Can anybody remember a time when we weren’t locked down? When we weren’t prevented from going to places we like, or meeting people we love? When we could go to concerts, galleries, theatres, restaurants, and pubs. Yes, pubs. Remember those?
One of the few advantages of being so restricted is that it’s given time for other activities, and many people have turned to writing. for some it's been the chance to develop something they've been trying to do for a while; for others it's been a new venture. There are lots of clichés about writing – everyone has a book in them, it's never too late to start, there are only seven plots, etc. etc. – and under lockdown we’ve had the chance to test them out.
There huge advantages for writers today that weren’t available to scribblers in the past.
The first is that it’s very easy to write. A long time ago I wrote a novel (incomplete and, thank goodness, unpublished) on a manual typewriter. It was a cumbersome and difficult process, and it took ages,. However, I think of what it would have been like to write it by hand, maybe with a quill pen. I managed to reach around 40,000 words for my early unfinished effort, and it was a slog. The average Dickens novel is about eith times longer than that! And he wrote it all out by hand!! Several times!!!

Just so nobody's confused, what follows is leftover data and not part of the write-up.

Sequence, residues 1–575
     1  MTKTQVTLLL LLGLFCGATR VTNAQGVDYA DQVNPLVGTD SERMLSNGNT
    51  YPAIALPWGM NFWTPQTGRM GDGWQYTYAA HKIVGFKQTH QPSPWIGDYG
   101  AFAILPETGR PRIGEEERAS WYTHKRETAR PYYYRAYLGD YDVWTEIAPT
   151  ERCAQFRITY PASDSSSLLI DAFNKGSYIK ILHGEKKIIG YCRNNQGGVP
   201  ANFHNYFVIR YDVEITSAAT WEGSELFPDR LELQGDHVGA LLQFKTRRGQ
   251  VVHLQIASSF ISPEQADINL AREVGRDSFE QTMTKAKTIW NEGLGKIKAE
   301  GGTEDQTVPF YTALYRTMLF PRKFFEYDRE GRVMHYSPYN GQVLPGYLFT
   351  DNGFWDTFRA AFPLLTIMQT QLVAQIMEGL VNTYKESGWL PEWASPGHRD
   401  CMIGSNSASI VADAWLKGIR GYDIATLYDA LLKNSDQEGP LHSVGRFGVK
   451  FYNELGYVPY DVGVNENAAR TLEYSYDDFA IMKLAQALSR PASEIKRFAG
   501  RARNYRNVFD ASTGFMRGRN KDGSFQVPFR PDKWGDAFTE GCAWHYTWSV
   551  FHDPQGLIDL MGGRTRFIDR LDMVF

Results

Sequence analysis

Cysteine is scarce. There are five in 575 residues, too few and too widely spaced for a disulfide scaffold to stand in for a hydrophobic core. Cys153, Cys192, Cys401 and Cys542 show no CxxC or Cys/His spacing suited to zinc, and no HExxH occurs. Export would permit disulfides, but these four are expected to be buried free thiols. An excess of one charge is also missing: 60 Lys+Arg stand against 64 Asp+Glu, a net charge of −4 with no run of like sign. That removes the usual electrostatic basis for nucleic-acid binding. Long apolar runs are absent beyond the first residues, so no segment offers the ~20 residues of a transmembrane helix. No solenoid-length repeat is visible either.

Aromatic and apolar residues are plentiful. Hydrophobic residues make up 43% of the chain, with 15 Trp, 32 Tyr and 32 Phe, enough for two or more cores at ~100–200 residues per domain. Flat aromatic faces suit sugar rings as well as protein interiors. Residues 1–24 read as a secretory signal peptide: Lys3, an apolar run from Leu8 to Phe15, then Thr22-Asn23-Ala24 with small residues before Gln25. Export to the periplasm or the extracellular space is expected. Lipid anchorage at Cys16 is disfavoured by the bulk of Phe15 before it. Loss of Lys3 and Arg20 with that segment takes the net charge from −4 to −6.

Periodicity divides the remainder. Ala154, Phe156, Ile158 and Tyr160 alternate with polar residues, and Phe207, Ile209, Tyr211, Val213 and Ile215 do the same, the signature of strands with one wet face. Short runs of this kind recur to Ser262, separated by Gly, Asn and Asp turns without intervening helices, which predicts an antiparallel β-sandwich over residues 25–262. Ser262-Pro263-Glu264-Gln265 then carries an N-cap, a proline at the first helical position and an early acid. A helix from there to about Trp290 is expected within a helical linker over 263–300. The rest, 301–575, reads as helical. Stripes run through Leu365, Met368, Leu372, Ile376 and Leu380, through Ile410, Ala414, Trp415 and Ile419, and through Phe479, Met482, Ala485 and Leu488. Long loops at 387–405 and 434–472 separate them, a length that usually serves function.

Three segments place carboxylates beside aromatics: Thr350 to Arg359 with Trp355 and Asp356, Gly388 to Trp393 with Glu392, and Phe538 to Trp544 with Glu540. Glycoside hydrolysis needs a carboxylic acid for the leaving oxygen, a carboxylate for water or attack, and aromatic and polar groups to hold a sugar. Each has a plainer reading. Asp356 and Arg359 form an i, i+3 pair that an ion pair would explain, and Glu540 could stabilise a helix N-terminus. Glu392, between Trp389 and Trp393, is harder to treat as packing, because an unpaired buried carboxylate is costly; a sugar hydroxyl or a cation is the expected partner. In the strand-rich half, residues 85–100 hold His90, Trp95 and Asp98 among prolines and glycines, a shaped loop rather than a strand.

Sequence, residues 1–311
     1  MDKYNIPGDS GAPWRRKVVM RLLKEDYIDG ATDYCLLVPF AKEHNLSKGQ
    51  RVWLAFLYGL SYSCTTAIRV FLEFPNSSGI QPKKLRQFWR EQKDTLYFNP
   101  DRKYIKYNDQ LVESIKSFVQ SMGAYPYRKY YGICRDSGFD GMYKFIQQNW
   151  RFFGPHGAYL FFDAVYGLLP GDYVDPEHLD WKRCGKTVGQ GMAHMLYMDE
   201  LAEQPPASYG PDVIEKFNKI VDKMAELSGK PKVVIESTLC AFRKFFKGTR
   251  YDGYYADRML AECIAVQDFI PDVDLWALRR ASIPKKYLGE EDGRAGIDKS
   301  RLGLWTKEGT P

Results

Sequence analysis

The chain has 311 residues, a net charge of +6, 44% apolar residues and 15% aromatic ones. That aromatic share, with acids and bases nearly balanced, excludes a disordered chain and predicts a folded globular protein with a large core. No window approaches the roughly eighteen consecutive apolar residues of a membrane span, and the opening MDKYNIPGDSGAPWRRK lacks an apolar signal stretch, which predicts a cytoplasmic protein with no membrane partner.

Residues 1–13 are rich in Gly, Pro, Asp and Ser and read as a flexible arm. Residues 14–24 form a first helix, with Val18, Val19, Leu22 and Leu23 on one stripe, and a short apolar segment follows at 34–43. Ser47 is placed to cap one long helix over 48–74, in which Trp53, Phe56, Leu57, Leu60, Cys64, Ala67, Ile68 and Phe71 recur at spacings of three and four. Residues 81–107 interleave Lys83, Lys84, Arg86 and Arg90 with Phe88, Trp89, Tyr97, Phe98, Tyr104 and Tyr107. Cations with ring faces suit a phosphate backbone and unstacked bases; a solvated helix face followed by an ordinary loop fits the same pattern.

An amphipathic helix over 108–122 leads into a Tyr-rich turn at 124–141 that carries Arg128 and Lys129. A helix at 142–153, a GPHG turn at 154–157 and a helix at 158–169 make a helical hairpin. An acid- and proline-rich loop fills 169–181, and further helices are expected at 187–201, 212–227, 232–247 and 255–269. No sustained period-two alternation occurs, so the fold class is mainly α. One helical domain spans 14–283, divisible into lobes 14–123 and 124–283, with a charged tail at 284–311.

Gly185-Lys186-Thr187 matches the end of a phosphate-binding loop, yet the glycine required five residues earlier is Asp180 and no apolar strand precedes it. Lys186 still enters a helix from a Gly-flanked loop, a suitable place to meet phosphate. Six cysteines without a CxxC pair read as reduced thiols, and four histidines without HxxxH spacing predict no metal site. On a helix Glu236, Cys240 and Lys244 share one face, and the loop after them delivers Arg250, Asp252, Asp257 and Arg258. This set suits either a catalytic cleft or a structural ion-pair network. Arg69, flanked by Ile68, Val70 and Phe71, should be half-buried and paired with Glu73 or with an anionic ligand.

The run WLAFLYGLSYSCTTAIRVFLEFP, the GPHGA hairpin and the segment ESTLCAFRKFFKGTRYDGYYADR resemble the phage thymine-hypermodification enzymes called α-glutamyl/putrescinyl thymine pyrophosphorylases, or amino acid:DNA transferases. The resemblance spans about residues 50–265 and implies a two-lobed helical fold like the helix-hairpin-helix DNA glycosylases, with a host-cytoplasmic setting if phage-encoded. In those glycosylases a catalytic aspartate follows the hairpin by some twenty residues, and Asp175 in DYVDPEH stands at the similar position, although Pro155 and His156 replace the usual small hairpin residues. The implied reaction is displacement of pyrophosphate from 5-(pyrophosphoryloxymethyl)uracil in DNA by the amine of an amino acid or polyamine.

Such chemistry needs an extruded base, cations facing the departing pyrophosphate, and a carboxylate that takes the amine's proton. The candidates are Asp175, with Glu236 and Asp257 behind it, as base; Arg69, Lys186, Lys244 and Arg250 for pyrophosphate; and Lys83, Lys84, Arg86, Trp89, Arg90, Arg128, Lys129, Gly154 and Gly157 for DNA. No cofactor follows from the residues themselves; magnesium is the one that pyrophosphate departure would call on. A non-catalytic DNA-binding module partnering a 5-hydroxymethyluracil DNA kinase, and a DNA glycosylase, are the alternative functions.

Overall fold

Nowadays I write on a laptop. It's small and light, I can take it anywhere and work anywhere too (well, almost) but those aren't the only advantages. It also checks my spelling. It allows me easily to rearrange my what I've written, insert new material, experiment. And it easily keeps and organises all the drafts, so if there's something I've rejected by then decide to include after all, it's easy to find. And it's a library for me, enabling me to get any information I need and check it instantly. When I wrote on my typewriter I had to know from the start what I was going to write. With my laptop I can just begin, see where it goes, and update and move my text about as it grows.
The other big plus for writers today is that it’s very easy to get your work out there. In my typewriter days my only chance of having my finished work read would have been to find an agent who would then try to find a publisher, who might then have produced and distributed it. Or I could have had several hundred copies printed at my own expense and then tried to find ways to sell them. It’s different now. It costs almost nothing to publish on Amazon, both in ebook and paperback form, and that gives the potential to reach readers all over the world.
There is, of course,a downside and it’s a big one. It’s that because writing is so easy there are very
many people doing it. That means that the chances of being read are that much less. You’ll hear some writers grumbling about that, but if you ask me would I rather be writing with a quill pen in a drafty Victorian parlour, or sitting in a comfortable chair and using a keyboard, guess which I’d choose!